For 3 years, it ran in the Greeley Tribune. Since then, it has run in various subsidiaries of the Douglas County News Press. I still have most of my columns in digital format.
For many years, I only gave myself one rule: try to work the word "library" into every piece. My intent was to think in public about just what librarianship means at the end of the 20th century and beginning of the 21st.
There have been many advantages for me. I found that putting library plans out in front of the public, and getting feedback about them, helped me make better decisions. Sometimes, I found that it was very difficult for me to describe those plans or policies -- the kind of thing that makes me realize that they might not be good ideas after all. The weekly discipline of explaining my profession to the public keeps me more mindful, more honest. It also has provided steady visibility for the library and its issues.
January 14, 2010 - what's 'it' all about?
You may have noticed, over the past several months, teasing posters and ads around the county talking about a mysterious red-lettered "it." Now the mystery can be revealed.
This little campaign, done very much on the cheap, and depending on the generosity of our many community partners (all sworn to good-natured secrecy), is about ... the Douglas County Libraries.
Yes, we are it!
Why bother with a library campaign? Well, it's not just to grow use. We know how to do that. Recently, I reviewed trend lines of virtually every service we offer. They all have been climbing sharply over the past twenty years -- consistently outstripping population growth.
But in the business world, increased activity means more revenue. In libraries, increased activity means more expenses. That is, our revenue is not tied to how busy we are. Indeed, the less money people have, the more they need and use us.
That makes the connection between love of the library and the value of the library a little hard for people to grasp. Even our most ardent patrons seem unclear about what we offer, and how we pay for it.
So our intent in this campaign is to try to shine a little light on what we do, why we do it, and just what our citizens get for their investment in this institution.
For individuals, libraries feed our curiosity about stories and ideas. Whether you're a toddler enthralled by one of our master storytellers, or a high-powered attorney addicted to the comforting escape of romance novels, or someone learning how to cha cha by video instruction, or someone deep into home improvement projects, or a student working through community college or online master's programs, or someone with a passion for World War II history, the library is mostly definitely it. For you.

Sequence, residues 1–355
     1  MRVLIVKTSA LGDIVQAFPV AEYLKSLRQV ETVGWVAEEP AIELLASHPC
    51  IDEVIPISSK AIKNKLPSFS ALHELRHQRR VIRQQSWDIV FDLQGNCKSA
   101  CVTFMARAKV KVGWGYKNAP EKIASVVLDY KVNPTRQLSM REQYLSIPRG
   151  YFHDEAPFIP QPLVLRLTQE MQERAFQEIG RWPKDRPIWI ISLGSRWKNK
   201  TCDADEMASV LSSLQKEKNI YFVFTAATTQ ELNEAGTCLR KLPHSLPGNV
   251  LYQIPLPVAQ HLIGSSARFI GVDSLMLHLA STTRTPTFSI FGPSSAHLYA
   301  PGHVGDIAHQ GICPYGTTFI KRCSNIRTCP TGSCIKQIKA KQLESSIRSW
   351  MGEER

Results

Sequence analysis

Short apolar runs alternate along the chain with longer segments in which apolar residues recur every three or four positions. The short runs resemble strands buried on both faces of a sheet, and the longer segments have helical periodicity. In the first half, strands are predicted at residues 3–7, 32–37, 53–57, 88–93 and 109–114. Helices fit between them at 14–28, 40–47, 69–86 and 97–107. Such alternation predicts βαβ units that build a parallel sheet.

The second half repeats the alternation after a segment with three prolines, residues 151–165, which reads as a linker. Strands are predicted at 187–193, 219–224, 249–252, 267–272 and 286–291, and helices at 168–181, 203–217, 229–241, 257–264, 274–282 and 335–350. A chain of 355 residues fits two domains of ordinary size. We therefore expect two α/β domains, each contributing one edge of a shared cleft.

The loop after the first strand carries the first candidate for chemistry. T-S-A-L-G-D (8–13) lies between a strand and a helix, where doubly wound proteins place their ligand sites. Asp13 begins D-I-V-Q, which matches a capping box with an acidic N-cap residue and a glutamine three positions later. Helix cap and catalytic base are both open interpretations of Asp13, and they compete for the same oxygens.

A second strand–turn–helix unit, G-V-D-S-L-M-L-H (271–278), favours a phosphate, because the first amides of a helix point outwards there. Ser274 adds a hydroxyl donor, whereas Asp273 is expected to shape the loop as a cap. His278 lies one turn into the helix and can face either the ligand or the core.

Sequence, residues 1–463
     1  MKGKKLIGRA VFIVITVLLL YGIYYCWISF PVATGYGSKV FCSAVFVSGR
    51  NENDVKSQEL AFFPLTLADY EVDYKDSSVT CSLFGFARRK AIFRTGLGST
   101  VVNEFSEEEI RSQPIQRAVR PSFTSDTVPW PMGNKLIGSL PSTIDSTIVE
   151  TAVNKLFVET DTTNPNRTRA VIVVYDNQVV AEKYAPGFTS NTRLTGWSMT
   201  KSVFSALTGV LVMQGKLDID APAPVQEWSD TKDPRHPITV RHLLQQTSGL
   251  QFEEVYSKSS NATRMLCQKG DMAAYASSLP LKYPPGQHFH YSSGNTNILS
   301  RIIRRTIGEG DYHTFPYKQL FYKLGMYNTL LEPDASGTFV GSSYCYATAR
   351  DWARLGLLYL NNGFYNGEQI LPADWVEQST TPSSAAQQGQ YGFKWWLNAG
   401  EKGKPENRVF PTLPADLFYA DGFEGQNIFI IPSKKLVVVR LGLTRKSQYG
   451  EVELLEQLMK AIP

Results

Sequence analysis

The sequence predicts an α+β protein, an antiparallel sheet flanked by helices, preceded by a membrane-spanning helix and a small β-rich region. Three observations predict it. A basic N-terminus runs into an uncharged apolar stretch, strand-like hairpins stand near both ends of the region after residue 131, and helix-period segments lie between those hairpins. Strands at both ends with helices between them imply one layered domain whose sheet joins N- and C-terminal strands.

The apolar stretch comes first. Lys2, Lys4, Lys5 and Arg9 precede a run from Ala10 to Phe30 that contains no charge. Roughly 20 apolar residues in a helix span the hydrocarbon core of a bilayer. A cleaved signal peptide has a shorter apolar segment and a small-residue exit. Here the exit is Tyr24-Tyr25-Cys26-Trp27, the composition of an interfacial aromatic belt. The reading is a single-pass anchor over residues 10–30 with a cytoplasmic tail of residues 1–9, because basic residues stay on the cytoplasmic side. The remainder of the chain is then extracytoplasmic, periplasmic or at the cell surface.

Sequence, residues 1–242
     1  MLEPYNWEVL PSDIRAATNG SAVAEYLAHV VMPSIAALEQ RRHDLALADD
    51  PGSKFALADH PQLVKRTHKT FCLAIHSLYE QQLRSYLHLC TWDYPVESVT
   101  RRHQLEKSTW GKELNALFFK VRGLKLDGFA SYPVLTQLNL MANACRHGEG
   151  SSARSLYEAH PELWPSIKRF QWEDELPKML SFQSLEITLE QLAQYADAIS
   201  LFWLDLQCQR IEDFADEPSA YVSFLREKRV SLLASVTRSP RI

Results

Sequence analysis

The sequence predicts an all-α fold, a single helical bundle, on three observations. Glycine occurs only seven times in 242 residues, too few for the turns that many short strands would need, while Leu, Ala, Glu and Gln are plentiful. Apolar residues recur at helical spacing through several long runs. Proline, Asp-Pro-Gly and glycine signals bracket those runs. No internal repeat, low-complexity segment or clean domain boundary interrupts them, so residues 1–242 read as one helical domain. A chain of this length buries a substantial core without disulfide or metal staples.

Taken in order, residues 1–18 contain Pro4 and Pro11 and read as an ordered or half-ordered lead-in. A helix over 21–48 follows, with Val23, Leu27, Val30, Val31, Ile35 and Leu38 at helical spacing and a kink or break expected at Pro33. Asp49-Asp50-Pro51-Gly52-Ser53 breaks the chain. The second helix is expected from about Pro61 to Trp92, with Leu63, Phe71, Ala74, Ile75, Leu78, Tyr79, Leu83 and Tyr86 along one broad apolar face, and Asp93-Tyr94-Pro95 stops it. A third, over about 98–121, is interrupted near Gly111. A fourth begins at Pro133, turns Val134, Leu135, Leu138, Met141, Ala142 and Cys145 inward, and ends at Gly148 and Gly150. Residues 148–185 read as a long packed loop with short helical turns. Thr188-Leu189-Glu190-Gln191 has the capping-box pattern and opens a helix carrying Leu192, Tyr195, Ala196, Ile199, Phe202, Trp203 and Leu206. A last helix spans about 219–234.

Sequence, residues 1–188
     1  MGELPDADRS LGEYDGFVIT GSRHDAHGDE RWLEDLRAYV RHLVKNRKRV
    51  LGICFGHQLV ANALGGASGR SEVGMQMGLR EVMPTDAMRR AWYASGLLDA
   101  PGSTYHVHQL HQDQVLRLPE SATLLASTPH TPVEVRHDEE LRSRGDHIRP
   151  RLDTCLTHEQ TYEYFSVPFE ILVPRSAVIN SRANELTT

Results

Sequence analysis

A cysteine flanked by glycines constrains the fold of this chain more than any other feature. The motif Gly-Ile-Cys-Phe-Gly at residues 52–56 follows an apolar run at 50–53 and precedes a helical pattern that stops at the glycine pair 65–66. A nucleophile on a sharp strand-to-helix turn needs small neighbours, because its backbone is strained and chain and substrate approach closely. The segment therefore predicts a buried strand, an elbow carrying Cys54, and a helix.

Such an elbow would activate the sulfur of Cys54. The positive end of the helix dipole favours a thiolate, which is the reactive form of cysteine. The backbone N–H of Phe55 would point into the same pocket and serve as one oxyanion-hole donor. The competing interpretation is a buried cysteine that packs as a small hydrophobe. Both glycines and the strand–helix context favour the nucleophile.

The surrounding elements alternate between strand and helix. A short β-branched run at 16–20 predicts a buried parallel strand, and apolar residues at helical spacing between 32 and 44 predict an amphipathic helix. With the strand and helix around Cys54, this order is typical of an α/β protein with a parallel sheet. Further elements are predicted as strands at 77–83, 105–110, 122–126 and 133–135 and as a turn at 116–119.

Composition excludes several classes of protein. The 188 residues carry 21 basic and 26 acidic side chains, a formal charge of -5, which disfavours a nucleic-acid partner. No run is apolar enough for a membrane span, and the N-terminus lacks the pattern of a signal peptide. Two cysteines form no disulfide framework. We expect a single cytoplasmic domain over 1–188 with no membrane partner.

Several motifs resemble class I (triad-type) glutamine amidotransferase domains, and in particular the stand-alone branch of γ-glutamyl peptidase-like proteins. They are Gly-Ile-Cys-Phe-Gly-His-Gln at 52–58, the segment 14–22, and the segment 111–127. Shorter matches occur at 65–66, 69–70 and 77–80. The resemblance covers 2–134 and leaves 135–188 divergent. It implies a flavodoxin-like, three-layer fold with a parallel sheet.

To put it another way, the library is where you pursue your dreams and your passions. Not because somebody told you to, but because it's what interests you. We're an institution that customizes your education precisely to your keenest fascinations, providing millions of dollars of materials and other resources, not to mention professional guidance in the form of library staff, on demand. Nobody else does that.
One topic of interest for me lately has been brain development: not only from birth to 4 (a period of explosive growth and understanding), but from 27 to 50, and from there on into your second century of life. No matter how old you are, your mind, the healthy brain, absolutely depends on exploration, experience, and stimulus.
And do you know where you can find it? That's right!
But libraries also contribute to a smarter community. When it comes to anchor stores, it's all about the library as community center. We did an exit poll once, asking people to describe all the reasons they came to the library that day. Number one and two were checking things out and bringing them back. But number three was a surprise: to meet somebody.
That meeting might have been a study date. It might have been a business meeting. It might have been a civic group. It might have been a Spanish language conversation group (for English-speaking folks about to take a trip). It might have been just a convenient place to meet to walk over to lunch, visible and known to all. But in any of those cases or more, the library was it. In 2009, our door counters clicked over 2 million visits.
Imagine that. An institution that both encourages you to follow your dreams, and connects you to all the other dreamers and builders in your community. The Douglas County Libraries -- maybe this is a good time to take a closer look at "it."
LaRue's Views are his own.